Grappling with boredom

“Against boredom even gods struggle in vain.” — Nietzsche

Much of life is spent sleepwalking through situations without a moment for oneself. And yet, frequently, one finds oneself experiencing existential boredom.

Boredom that’s not a byproduct of free time, but culmination of one’s inability to find meaning in anything they do in life. But enduring this is the price of breaking through the mental prison. We do not have answers, we may never have them all. But this is no reason to embrace blind faith just to fill the void of soul.

The the movie Shawshank Redemption, Red says this of Brook’s sheer fright when he hears of his release from prison: “These prison walls are funny. First you hate ’em, then you get used to ’em. Enough time passes, gets so you depend on them. That’s institutionalized. They send you here for life, that’s exactly what they take.”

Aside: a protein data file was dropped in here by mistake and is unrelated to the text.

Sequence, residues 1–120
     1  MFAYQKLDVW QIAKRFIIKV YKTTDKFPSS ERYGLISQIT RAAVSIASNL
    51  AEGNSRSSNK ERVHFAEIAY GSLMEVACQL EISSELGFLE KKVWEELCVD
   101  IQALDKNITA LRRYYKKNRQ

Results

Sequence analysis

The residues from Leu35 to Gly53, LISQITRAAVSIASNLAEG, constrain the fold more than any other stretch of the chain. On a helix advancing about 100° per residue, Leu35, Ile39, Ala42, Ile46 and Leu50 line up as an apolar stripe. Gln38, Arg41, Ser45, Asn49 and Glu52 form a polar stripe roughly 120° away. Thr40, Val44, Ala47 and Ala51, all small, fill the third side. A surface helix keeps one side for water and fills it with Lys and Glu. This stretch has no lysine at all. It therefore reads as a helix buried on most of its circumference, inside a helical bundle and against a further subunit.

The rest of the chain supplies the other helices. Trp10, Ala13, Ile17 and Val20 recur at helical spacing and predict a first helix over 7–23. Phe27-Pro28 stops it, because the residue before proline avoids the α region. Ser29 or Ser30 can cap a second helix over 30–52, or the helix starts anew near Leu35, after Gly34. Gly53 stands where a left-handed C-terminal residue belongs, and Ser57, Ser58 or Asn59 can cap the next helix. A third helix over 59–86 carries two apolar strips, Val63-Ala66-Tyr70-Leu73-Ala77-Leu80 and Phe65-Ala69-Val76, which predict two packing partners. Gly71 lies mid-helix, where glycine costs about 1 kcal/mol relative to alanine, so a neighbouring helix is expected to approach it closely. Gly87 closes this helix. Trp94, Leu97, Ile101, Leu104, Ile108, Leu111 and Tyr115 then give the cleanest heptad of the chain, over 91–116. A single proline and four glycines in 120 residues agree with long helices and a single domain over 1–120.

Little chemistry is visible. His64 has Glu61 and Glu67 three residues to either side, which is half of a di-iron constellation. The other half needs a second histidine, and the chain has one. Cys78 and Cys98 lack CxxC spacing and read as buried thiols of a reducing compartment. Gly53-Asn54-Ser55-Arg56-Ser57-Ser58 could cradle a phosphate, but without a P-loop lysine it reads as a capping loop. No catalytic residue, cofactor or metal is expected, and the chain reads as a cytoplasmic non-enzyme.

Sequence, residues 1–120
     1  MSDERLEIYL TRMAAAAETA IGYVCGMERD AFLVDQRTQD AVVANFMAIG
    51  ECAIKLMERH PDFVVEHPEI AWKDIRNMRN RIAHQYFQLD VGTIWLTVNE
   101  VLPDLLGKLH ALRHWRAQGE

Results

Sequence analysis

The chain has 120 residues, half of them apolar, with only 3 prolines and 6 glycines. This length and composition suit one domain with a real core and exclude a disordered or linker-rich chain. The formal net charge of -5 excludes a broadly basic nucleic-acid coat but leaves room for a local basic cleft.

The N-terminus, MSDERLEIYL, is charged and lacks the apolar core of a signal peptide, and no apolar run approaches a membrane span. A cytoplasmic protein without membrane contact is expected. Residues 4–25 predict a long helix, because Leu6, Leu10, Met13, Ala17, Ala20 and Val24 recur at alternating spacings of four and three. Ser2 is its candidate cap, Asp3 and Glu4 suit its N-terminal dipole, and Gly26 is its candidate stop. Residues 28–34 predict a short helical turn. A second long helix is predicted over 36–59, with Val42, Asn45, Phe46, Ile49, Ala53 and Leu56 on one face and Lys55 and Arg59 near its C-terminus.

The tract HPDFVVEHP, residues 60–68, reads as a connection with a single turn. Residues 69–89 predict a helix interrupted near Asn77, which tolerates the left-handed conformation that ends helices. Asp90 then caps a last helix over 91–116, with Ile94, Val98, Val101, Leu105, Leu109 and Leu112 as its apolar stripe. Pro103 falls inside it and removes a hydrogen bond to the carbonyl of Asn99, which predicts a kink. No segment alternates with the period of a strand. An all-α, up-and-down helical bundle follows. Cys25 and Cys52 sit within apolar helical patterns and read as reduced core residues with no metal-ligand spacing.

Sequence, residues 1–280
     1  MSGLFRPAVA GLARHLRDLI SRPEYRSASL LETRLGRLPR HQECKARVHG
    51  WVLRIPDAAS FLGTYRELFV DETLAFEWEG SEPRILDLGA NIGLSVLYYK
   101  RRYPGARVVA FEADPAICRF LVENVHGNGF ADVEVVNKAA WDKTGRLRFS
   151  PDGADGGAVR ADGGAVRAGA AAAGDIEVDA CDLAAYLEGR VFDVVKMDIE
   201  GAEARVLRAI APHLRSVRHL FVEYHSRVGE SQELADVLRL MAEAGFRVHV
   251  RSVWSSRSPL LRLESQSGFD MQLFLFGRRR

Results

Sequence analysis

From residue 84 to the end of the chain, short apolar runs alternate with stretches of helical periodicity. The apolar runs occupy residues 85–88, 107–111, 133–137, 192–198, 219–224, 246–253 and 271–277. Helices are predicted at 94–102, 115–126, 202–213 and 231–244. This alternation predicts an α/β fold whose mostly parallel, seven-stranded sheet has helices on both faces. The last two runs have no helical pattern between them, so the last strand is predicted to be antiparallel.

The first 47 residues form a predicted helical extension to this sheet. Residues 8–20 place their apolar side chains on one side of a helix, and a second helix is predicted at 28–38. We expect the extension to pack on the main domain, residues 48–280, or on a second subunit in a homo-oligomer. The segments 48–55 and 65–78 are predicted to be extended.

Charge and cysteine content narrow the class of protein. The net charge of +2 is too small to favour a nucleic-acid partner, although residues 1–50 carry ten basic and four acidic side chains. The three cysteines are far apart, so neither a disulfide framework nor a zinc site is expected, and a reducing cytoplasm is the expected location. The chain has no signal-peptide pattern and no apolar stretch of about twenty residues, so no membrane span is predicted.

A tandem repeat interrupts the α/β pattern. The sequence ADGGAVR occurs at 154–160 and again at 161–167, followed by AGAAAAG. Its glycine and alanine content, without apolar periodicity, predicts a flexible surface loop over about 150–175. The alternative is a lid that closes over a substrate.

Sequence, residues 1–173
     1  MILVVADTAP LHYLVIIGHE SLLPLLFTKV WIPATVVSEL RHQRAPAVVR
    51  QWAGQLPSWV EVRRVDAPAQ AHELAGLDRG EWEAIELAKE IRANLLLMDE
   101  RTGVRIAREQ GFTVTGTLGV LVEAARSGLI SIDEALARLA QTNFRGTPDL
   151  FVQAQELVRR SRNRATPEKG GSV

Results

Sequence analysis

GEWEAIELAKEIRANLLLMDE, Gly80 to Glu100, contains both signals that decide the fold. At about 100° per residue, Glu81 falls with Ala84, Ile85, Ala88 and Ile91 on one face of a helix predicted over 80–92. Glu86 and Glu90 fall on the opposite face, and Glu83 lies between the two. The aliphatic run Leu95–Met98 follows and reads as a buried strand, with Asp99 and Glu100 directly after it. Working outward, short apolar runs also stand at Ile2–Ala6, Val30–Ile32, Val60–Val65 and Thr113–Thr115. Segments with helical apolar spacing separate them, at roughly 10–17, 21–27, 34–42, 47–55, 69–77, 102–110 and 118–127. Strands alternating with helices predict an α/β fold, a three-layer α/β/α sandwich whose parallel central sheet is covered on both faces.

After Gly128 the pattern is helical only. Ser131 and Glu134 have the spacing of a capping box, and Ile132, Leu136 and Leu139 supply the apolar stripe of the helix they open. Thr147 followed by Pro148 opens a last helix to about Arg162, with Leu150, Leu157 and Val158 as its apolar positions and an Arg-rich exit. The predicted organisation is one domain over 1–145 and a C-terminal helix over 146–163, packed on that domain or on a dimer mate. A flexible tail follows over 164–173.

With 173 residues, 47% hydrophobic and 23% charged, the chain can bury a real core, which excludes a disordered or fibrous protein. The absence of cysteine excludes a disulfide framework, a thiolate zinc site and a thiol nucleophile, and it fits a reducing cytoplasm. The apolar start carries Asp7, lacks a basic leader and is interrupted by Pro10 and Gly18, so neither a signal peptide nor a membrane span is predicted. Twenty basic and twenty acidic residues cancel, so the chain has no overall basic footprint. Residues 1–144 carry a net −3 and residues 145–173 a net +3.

At a more metaphorical level, this is exactly what life’s compelling situations can do to us. We forget that every endeavour is different, and failure in one initiative is no reason that others will meet the same fate. The encompassing gloom soon engulfs our thinking, clouds our mind which refuses to emerge free from the grip of paranoia.

Brooks commits suicide because he cannot think of life beyond prison. This is an independence that he isn’t prepared for. To break free, is to invite chaos. But only from the chaos is true understanding churned.

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